skin tags in dogs

Skin Tags (Acrochordon or Fibroepithelial Polyps) in Dogs

Overview of Dog Skin Tags

The medical terms for a dog skin tag is an acrochordon or acrochorda (pleural) and are also known as a fibroepithelial polyp.

A skin tag can be described as a growth of skin with a small narrow base. It is generally the color of the underlying skin but can be slightly darker. Dog skin tags are often about the size of a grain of rice but can be bigger or smaller and some can be very long in dogs. Most dog skin tags look like small pieces of hanging or dangling skin. Dog skin tags are permanent growths unless you have them removed.

The most common location for dog skin tags is around the face, head, neck, armpits, eyelids, elbow and chest, but can occur anywhere on the body. They can occur in clusters, especially on the chest (sternum) in a heavy deep chested dog. Skin tags are also common in humans and also frequently occur around the face, head, face and upper chest.

A dog skin tag is considered a benign type of tumor. Benign tumors are proliferations of cells that do not invade other tissues or spread to other locations. A true skin tag is generally painless and harmless. They generally do not change over time into something cancerous.

Their significance is largely cosmetic, as pet owners may not like how they look on their pet. They may need removal if they inhibit any important function, become damaged and bleed, or become a nuisance. They can create issues when grooming, as they can be accidentally cut. Other problem can occur if a collar rubs on the tag causing it to break open, bleed, or become infected.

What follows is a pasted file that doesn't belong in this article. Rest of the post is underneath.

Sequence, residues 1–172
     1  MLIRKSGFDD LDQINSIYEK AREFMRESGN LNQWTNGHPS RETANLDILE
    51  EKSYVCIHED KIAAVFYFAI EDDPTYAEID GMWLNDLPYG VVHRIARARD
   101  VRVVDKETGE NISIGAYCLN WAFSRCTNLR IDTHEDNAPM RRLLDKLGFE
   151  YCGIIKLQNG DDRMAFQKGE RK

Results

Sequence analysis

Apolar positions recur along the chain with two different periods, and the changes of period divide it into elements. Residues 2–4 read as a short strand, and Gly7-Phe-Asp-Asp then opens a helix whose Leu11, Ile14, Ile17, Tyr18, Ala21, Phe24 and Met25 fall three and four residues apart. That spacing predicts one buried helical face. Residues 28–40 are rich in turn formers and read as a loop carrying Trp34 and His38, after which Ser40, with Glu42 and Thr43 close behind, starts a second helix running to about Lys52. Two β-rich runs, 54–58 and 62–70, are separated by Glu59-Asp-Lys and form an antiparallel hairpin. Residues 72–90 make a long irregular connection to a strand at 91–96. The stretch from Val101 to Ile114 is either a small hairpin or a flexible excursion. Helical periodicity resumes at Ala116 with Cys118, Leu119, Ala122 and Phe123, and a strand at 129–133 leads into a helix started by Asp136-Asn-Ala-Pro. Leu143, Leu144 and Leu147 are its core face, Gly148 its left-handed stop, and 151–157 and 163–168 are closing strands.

The cause for skin tags is largely unknown although there are some breed predispositions e.g. they are more common in Great Danes, Bulldogs, and boxers. Friction is thought to be a factor in some skin tag clusters on the chest that can occur in large deep-chested dog breeds. They can occur at any age but are more common in dogs as they age and are most common in dogs over the age of 7 or 8 years.

Many pet owners confuse a dog skin tag with a canine sebaceous adenoma or common dog “wart”. Learn more about Sebaceous Adenomas (LINK PENDING) and Canine Viral Papillomas (Dog Warts). This article has a helpful section about how to tell a skin tag from a wart – go to “What to do if Your Dog Has a Skin Tag” (Pillar article – link pending).

Diagnosis of Skin Tags (Acrochordon or Fibroepithelial Polyps) in Dogs

The diagnosis of a skin tag in your dog will largely be by the history and physical examination. Generally, veterinarians can diagnose a dog skin tag be looking at it. It is generally soft, attached to the underlying skin with a narrow stalk, hairless, easily moveable, and flesh colored.

Your veterinarian may take a complete history and ask questions about any growth that may include:

Additional tests may include:

These tests are generally not required for a typical dog skin tag.

What to Watch For

Any new lump or bump should be evaluated right away, especially a lump that is rapidly growing, is warm or painful, is ulcerated or bleeding, is irregular in shape or is well attached to the tissues under the skin.

Any of the above signs should prompt you to seek veterinary attention.

Treatment of Dog Skin Tags

Treatment depends on the cause of the mass. If the growth is diagnosed as a true skin tag, no treatment is required. However, some skin tags can be irritated by leashes, collars, halters or be close to the mouth and become damaged. In these cases, surgical removal of the skin tag is recommended.

Dog skin tags can be removed with a surgical scalpel or surgical laser. Some veterinarians can remove skin tags by giving a local anesthetic (lidocaine) to numb the skin areas then surgically removing the skin tag.

Home Care

Observe for additional masses or skin growths. Evaluate the skin tags for heat, redness and pain, which can be signs of infection. Also observe any lump or mass on your dog for changes in color, ulceration, or other changes. This could mean that it is not a benign skin tag and should be evaluated by your veterinarian.

If the growth has been removed or biopsied, keep your dog confined to allow for healing. Do not allow your dog to scratch or lick at the surgical site. Observe the incision site closely for drainage, swelling, redness, heat or pain. Follow-up with your veterinarian for suture removal if needed.

Prevention of Dog Skin Tags

There is no known way to prevent dog skin tags.